Forensic Engineers & Investigators

Adhesive And Composite Bonding

Some types of engineering components are often held together with chemical epoxy bonds. Examples are helicopter rotor blades (Aluminium bonded to Aluminium or stainless steel) or rubber covered steel rolls used in paper manufacturing processes and conveying equipment. (Rubber surface lining is bonded to steel roll)

From time to time these bonds fail. It is not always easy to determine whether or not they have failed due to excessive operating loads or because there have been deficiencies in manufacturing processes.

There are three different types of bond failures.
  • Cohesion (or ‘cohesive’) failure. The bond fractures through the adhesive.
  • Adhesion (or ‘adhesive’) failure. The bond fails along the interface between the adherends and the adhesive.
  • Mixed-mode failures. This is a mixture of cohesion and adhesion failures. It is often misinterpreted as a cohesion failure, is the most common and the most difficult to interpret.

Adhesion failures and mixed mode failures are contributed to by poor manufacturing processes particularly inadequate preparation of the bonding surfaces prior to bonding. If this occurs, the adhesive does not chemically bond properly to the adherends and over time this allows the adherend surfaces to react with water vapour in the atmosphere and hydrate, causing the bond to delaminate and fail.We at Prosolve are world leading experts in engineering bonding science and adhesive bonding failures. We have the expertise and experience to characterise and determine the type of bonding failures and the engineering factors that have caused them. Below are two case studies of different types of bond failures.

Case Study 1:  This photograph montage shows a fragment of a helicopter rotor blade exhibiting adhesion and mixed mode bonding defects. These were caused by deficient manufacturing processes such as inadequate surface preparation of the bonded pieces.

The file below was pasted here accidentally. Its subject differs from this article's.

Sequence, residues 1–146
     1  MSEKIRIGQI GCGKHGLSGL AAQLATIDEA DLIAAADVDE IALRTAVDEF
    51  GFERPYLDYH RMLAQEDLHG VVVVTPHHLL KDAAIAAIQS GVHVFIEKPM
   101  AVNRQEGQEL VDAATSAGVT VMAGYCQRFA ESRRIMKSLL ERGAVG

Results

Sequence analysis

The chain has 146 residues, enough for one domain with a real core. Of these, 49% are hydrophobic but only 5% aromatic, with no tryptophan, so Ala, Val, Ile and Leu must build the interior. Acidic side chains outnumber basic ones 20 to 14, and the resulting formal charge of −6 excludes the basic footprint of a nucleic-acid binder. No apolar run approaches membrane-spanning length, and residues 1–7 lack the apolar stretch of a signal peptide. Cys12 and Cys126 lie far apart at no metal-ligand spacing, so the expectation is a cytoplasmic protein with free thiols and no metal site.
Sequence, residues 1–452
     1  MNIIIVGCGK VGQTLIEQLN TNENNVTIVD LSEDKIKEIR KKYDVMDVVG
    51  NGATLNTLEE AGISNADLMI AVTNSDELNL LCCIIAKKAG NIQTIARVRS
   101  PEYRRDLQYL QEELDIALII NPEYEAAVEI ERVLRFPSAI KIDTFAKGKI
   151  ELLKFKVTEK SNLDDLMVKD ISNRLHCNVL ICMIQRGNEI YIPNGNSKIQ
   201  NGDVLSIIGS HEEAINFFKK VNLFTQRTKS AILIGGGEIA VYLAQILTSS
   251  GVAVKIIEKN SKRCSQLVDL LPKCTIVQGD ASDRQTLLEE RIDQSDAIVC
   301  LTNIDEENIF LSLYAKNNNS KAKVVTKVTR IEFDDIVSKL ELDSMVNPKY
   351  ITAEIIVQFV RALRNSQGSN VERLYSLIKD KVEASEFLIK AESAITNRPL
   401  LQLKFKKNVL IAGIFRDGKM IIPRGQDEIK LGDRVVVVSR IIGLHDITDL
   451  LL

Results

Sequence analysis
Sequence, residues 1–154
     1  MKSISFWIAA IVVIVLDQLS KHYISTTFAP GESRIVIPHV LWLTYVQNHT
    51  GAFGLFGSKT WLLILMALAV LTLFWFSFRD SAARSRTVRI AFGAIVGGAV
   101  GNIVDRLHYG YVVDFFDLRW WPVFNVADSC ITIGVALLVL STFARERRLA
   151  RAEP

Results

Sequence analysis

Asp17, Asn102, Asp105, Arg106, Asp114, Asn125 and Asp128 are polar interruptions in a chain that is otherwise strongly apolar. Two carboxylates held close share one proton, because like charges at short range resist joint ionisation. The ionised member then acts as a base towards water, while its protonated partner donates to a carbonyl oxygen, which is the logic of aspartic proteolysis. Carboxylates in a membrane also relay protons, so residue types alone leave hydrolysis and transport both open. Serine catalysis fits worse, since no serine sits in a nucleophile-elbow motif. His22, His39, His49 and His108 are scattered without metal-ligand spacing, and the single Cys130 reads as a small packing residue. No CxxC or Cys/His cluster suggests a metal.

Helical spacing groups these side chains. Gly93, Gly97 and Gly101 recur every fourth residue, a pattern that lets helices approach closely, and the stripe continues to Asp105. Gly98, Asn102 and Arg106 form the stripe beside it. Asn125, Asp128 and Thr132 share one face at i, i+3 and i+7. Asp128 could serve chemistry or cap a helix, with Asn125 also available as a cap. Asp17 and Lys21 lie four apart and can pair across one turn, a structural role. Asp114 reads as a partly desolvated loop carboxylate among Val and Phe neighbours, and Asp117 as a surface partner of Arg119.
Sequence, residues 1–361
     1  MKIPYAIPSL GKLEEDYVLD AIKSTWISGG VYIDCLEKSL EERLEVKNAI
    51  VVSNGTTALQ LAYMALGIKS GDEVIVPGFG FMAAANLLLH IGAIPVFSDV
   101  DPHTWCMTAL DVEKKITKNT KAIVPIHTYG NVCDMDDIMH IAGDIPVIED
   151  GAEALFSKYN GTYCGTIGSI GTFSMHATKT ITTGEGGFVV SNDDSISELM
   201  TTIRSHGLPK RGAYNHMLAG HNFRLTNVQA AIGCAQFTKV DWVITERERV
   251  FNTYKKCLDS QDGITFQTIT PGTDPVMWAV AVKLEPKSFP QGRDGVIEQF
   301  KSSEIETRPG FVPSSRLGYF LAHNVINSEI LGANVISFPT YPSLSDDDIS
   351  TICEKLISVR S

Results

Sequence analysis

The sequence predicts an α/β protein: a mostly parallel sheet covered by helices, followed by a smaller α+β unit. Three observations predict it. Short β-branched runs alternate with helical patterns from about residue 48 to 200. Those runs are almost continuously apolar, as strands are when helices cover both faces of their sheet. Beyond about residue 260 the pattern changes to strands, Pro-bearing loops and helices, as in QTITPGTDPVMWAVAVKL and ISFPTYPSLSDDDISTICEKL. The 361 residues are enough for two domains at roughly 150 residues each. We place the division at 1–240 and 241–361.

Case Study 2 : This photograph shows a rubber roll cover that has disbonded from its steel drum. This has been caused by deficient manufacturing processes particularly the use of inadequate surface preparation of the bonded surfaces.

These examples show failures that occurred despite the use industry accepted practices in surface preparation. This is a problem for the aviation and other industries that has still not been resolved.

Regrettably there is no reliable Non Destructive Testing (NDT) method to identify chemically weak bonds prior to failure and disbonding.

Max Davis, Patrick Conor and Andrew McGregor are engineering experts in this field who have made significant international contributions to address this problem. One such contribution was in the form of investigative findings of an accident that was investigated by Max Davis and Andrew McGregor. The FAA incorporated these findings into its FAA composite safety & certification initiative; A contribution to the FAA Composite safety and Certification initiative.

See also this ground braking paper written by Max Davis and Andrew McGregor; Assessing Adhesive Bond Failures Mixed Mode Bond Failures Explained

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